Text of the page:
Keith Sweat | (2023)


An Early Gift for Music

Received His Big Break

Continued Success


Keith Sweat is one of the earliest practitioners, and some would say the inventor, of New Jack Swing music, a style of rhythm and blues that fuses soul singing and hip-hop beats. It should come as no surprise that New Jack Swing music became extremely popular, or that Sweat has enjoyed considerable success. Financial success has always been one of the keystones in Sweat's life, from his days working at the New York Stock Exchange to his career in music.

Sweat was born in the early 1960s in Harlem, New York. His father Charles, a factory worker, died in 1973. His mother Juanita, a hairdresser, was forced to raise their five children alone. Sweat would later credit Juanita for his strong sense of values, telling People Weekly, She pushed me hard. I knew I didn't want to be on the street selling drugsor using them.

An Early Gift for Music

Sweat learned early in life that he had a gift for music, and for affecting women with his voice. When he was four years old, he'd go outside and sing to the girls, Juanita told People Weekly I'd say, Stop that noise. Keith would later remark that he had dreams of performing in concert that often seemed like premonitions. He told Ebony, People might think I'm lying about them, but as a kid I used to go to bed and dream I was onstage giving a concert. I could see myself singing and the people were screaming and the whole thing was so real to me I used to wake up and really believe I had done a show. You couldnt tell me it didnt happen. I would get up in the morning and start looking in my pockets for all the money Id made from my shows.

Following his graduation from high school, Sweat enrolled in City College of New York to study communications. He worked as a stock boy at Macys on weeknights and sang with a band called Jamilah on weekends. After graduating from City College of New York, he went to work on the floor of the New York Stock Exchange, starting in the mailroom at Paine Webber, and working his way up to a lucrative brokerage assistant job in only four years. Although he had advanced quickly in his new career, he still wanted to become a musician.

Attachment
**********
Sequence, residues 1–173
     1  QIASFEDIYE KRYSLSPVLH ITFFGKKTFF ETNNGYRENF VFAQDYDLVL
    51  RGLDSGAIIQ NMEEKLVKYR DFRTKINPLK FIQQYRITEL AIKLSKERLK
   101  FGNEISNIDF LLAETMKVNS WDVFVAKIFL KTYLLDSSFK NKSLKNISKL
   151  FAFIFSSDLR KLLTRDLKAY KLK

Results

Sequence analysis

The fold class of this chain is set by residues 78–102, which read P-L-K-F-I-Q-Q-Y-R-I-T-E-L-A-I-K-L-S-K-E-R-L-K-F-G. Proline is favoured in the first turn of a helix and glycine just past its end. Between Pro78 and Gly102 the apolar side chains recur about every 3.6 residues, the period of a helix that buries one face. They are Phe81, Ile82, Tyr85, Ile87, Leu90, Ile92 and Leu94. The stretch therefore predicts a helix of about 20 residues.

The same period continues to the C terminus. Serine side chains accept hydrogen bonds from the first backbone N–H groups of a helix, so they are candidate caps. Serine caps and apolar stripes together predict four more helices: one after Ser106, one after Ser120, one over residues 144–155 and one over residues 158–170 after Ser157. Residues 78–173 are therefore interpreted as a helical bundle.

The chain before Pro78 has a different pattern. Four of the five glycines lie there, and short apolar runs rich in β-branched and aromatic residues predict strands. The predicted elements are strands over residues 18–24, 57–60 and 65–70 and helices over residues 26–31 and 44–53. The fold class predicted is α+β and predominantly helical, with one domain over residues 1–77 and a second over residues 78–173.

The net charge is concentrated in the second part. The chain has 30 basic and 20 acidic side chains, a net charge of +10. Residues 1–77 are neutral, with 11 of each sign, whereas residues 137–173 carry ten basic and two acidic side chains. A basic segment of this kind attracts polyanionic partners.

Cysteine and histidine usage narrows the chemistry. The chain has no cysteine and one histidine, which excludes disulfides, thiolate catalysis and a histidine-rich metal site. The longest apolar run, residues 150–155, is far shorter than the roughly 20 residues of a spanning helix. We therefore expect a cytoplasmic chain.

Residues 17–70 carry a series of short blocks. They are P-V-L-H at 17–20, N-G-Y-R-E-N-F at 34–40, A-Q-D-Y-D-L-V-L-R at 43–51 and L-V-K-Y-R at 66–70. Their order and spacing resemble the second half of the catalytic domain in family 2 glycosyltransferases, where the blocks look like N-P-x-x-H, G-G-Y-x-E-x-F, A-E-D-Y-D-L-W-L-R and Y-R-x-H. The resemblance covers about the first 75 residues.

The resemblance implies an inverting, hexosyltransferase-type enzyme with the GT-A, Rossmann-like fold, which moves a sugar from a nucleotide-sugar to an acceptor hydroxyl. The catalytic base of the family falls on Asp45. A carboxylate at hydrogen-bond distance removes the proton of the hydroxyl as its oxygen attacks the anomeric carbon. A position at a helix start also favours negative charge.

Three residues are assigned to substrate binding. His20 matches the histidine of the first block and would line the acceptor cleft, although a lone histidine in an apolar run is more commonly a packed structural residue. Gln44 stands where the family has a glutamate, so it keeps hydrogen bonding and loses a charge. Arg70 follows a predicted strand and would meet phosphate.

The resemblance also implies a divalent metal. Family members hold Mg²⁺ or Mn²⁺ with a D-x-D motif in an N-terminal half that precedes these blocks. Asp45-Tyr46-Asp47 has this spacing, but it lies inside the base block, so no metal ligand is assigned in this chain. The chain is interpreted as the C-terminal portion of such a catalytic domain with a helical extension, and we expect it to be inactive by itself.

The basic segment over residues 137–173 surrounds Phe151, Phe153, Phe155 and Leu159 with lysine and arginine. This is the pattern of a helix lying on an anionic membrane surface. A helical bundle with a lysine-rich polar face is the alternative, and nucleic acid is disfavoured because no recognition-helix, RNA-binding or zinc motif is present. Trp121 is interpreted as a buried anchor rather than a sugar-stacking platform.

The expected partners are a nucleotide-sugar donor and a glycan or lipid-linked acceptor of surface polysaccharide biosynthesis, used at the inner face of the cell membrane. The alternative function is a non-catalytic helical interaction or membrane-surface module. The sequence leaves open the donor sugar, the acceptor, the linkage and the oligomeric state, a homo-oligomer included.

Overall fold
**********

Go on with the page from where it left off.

At a Glance

Born Keith Sweat circa 1961 in Harlem, New York; son of Charles (a factory worker) and Juanita (a hairdresser) Sweat; three children: Keisha, Keia, and Jordan. Education: City College of New York, bachelors degree in communications.

Career: Paine Webber, mailroom, brokerage assistant; singer for band Jamilah; solo albums, Make It Last Forever (1988), Ill Give All My Love To You (1990), Keep It Comin (1991), Get Up On It (1994), Keith Sweat (1996); singles, I Want Her, Make You Sweat, Merry Go Round, Just One of Them Thangs.

Awards: Double platinum album, Make it Last Forever; No. 1 New Male Artist, Black Radio Exclusive, 1988.

Addresses: Singer, c/o Elektra Records, 75 Rockefeller Plaza, New York, New York, 10019.

Near the end of his tenure on Wall Street, Sweat became convinced that he was destined to become a songwriter, not a performer. He spent most of his salary recording demos of his songs, but no one wanted to buy them. All of the recording companies turned me down flat, he told Ebony. Everybody said the same thing: Thanks but no thanks. Your songs just arent hot enough for our artists to sing, he continued.

Received His Big Break

Abandoning his plans to become a major songwriter, Sweat started performing his own material. He finally attracted the attention of Vincent Davis. Davis owned a record label, Vintertainment, and had recently signed a distribution deal with Elektra Records. Sweat soon signed with Vintertainment and recorded his debut album, Make It Last Forever, which was a commercial success. It featured the hit single, I Want Her, and was heavily influenced by a style Sweat called go-go music, a percussion-based sound which was popular on the East Coast. Much of the material on the album was contributed by the well-known New Jack Swing producer, Teddy Riley. Although the albums credits listed Sweat as a producer, many listeners believed that the album was solely produced by Riley.